In early 2016, Mother Jones launched a fundraising initiative called “The Moment for Mother Jones.” The fund aspired to raise $25 million for “expanded reporting, greater impact and reach, enhanced professional development opportunities for young journalists, new investments in technology and tools, deeper engagement with our audiences, and exploration of promising business-side opportunities.”
The business side of news reporting — and the investment in investigative reporting — was already in a dismal state. Some organizations like Mother Jones and others were looking to the future and new models that would help them survive.
Since launching its “Moment,” Mother Jones reports it has raised almost $20 million toward its goal. Its newsroom is the biggest its ever been, with support from both readers and the fund.
Yesterday, Craig Newmark, Craigslist founder and head of Craig Newmark Philanthropies, gifted the publisher an additional $1 million. The gift comes with no guidelines about how it should be used.
In a piece posted at Mother Jones, Newmark stated: “We’re in the middle of an online information war, and the stakes are a free press, an informed public and strong democratic institutions.
"Mother Jones is at the center of that fight, defending the country against bad actors. As a news consumer and citizen, I depend on its innovative, rigorously accurate reporting, and I’m thrilled to support its growth.”
Mother Jones plans to use the new ifunds to improve its investigative reporting, data journalism and covering disinformation, while also investing in audience engagement. According to Mother Jones CEO Monika Bauerlein, the publication’s audience has asked it for guidance in spotting misinformation and interpreting news as a journalist would.
Newmark has also made donations to nonprofit heavy hitters like ProPublica, which has done its part in funding investigative projects in local newsrooms across the country, as well as the Columbia Journalism Review and Columbia’s Tow Center and the Center for Public Integrity, among others, creating a cyclical stream of money between outfits aiding pursuing quality journalism and those publishing it.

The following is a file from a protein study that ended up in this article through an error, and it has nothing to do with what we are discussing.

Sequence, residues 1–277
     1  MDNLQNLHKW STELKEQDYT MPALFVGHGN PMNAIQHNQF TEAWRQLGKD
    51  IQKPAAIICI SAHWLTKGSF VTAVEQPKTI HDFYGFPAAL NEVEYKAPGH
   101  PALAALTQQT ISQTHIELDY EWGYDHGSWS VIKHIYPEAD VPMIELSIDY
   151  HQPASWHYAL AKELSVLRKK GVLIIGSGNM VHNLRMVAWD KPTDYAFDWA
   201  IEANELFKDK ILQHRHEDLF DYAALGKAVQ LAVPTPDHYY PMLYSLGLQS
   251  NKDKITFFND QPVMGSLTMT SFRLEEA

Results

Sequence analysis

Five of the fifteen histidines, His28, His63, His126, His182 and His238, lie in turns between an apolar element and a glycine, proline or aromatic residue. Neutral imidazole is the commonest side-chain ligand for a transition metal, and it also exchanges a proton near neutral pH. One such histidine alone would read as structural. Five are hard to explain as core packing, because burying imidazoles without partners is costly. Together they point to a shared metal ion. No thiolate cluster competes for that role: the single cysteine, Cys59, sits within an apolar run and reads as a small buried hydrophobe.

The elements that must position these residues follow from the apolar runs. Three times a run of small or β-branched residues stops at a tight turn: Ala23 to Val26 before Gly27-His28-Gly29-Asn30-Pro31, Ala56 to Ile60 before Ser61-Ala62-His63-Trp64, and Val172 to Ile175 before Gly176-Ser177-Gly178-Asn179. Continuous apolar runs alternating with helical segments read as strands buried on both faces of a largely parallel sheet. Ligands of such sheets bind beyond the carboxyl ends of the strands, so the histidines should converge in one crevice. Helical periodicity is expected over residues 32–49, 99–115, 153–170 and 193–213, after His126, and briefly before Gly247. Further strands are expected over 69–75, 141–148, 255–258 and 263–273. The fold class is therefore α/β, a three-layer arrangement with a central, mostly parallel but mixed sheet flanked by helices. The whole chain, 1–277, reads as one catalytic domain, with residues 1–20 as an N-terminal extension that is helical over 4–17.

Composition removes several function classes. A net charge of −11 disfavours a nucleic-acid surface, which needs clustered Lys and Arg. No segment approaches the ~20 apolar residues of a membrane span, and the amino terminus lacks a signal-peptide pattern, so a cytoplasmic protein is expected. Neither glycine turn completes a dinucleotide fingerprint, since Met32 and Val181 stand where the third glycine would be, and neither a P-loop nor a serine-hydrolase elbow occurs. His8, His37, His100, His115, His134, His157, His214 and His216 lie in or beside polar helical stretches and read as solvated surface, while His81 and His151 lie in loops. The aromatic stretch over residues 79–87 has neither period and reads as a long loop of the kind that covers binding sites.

Newsroom staffs are shrinking to anemic levels across the country — just last week McClatchy announced it would be laying off 3.5% of its workforce — and advertising dollars show no signs of being replenished. Newsrooms suffer doubly at a time when journalism is more important than ever.
Case in point, Ronan Farrow’s investigative pieces on Harvey Weinstein and David Pecker for The New Yorker have forever changed the cultural landscape. But civic responsibility and enterprise journalism can not be left solely to funded outlets like The New Yorker.
To create a truly sustainable future for journalism, the public has to see the value and need for well-funded newsrooms, in addition to specific philanthropic efforts.
Interviewed by the Poyneter Institute, Mother Jones publisher Steve Katz commented on the real need for donors in today’s journalism world. Relaying his experience to donors and how they react, he stated: “[They understand] you’re asking me to think about journalism as a public good, like the university I went to or the hospital in our town. It changes the way of thinking not just for Mother Jones, but journalism for general.”